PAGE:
What makes you happy
Although gray, white and espresso seem to be the colors of the moment, some homeowners are not afraid to go with a bolder selection.

“A kitchen I did a few years ago was for a local business owner, and he wanted his kitchen to look like a retro soda fountain,” DiFrancesco says. “The seating area was relatively large, and he went with a horseshoe-shaped bar with 25 bar stools around it. The kitchen behind that was all bright purple cabinetry, and the countertops were black. That was probably the wildest one I’ve done lately.

“I did a kitchen one time that reminded me of Halloween—they had black cabinets with bright orange doors. I did another kitchen that had lemon-yellow doors and lime-green cabinet boxes. So I’ve done quite a bit of color through my years.”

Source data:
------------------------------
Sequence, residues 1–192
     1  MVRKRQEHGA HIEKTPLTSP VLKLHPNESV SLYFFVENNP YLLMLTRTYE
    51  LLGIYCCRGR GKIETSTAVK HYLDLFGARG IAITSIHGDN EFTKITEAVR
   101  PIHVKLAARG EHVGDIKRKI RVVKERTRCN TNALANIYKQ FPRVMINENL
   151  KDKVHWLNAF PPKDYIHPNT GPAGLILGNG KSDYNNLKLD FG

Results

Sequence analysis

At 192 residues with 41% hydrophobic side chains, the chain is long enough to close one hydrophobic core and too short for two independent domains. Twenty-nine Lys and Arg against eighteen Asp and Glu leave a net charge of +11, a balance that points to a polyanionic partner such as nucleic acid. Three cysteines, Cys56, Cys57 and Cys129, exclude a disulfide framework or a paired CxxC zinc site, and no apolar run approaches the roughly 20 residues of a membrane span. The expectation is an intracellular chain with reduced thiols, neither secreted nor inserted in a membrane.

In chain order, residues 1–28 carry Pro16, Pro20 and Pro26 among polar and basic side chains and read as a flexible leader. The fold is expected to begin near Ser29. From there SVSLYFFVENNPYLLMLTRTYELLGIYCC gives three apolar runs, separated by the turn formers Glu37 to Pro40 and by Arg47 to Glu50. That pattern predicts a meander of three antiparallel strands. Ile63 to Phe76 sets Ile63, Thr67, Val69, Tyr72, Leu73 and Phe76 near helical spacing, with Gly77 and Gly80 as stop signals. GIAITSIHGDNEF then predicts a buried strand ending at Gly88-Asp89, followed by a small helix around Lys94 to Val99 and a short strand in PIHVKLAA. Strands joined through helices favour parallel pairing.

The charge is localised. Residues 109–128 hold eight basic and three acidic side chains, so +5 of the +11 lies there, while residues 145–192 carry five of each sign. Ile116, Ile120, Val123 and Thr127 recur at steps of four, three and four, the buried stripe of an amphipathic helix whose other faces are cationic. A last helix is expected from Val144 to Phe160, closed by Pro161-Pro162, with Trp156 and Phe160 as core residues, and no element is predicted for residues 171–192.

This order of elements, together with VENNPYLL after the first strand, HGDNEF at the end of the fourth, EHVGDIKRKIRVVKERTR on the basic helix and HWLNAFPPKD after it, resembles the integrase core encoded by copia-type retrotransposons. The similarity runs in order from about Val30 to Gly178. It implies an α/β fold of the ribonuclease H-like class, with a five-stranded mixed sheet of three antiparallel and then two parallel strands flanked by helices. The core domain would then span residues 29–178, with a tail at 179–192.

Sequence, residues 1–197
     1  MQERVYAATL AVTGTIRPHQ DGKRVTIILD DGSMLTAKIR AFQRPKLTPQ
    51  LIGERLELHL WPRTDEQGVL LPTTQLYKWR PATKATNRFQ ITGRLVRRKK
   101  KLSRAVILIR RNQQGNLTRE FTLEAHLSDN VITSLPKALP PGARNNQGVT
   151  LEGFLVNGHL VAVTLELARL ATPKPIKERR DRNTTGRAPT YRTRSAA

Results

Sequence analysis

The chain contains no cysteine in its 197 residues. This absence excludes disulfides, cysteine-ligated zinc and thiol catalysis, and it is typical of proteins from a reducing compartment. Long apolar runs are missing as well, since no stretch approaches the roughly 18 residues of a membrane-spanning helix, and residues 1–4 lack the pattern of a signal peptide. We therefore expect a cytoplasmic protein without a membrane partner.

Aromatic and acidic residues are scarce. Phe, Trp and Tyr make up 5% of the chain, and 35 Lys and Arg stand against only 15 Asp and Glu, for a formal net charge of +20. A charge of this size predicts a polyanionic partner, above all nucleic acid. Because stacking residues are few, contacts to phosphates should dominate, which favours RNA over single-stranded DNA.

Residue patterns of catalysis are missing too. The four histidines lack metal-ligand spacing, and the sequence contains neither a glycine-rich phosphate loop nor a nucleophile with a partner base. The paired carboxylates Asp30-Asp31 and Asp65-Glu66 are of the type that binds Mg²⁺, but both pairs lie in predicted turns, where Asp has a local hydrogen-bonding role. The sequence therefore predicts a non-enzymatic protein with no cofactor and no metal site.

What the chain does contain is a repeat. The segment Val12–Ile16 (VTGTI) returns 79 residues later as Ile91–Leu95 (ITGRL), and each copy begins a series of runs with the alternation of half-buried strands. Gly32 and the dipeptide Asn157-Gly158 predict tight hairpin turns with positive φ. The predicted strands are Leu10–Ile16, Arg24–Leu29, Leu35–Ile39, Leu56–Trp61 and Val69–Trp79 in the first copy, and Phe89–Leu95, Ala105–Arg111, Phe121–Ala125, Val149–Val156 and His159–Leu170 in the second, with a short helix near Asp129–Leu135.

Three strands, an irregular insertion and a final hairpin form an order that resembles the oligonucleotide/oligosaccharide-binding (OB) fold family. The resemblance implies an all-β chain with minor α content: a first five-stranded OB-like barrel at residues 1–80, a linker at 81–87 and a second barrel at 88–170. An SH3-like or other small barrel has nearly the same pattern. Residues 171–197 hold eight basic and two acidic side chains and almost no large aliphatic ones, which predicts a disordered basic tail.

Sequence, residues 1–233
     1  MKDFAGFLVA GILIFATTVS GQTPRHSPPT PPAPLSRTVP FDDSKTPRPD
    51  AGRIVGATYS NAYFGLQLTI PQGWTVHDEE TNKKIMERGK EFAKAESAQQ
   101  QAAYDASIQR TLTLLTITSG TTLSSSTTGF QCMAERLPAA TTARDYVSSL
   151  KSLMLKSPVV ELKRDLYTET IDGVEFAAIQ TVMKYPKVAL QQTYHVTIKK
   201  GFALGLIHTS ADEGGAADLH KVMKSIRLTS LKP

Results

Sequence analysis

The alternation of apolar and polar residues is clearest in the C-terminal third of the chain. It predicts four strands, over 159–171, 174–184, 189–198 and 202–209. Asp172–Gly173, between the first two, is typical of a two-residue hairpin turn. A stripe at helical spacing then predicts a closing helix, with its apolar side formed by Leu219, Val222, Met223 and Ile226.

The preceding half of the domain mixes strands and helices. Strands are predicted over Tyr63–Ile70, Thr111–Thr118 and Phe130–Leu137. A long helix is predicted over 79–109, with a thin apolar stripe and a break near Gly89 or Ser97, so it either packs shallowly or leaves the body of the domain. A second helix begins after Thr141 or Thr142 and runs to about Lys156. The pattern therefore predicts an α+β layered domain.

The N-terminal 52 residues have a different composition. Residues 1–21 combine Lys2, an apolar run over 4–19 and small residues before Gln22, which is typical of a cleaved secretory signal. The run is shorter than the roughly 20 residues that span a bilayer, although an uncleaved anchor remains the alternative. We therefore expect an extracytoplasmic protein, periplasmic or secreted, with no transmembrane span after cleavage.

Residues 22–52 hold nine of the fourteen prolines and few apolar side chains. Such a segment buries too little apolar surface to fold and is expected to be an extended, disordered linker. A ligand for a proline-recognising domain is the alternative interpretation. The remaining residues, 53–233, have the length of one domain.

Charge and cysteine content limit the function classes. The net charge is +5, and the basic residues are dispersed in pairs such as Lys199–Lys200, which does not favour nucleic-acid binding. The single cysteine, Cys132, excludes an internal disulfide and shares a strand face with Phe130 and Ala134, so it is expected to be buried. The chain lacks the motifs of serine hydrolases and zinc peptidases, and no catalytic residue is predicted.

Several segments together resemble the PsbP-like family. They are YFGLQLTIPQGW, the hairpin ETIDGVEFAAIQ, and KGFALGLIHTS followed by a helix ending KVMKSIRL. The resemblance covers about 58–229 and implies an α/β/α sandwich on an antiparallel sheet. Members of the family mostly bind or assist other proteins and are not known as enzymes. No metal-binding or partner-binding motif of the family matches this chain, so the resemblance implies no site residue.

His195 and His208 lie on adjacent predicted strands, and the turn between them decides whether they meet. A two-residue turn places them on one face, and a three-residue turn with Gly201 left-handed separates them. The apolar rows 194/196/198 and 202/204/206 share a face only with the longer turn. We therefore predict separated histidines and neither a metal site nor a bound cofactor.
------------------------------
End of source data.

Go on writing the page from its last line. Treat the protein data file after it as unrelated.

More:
Platt has also seen some unique choices. “I did one that is green and purple and it’s definitely an unusual kitchen. The purple is a plum purple, and the green is a fern green, so it’s a little bit softer than a forest green. It actually blends really well; I was surprised. The homeowner was the one that came up with that. I’ve learned that whatever people want to do, I’m going to do it. I’m not the one that has to live with it at the end of the day.”

And that’s really the best advice that designers can give: Don’t worry about what’s trendy, just choose what is aesthetically pleasing to you.

“I certainly recommend that if the people are staying in the house, they should pick what they want,” DiFrancesco says. “I do not try to deter them from using [color].

Personally, I get sick and tired of doing white kitchens and the typical light maple or light cherry kitchen. So anybody that wants to do something a little different, I’m all for it.”

Other helpful tips
Choosing the right colors for your kitchen isn’t the last step, however, as there are other factors to consider.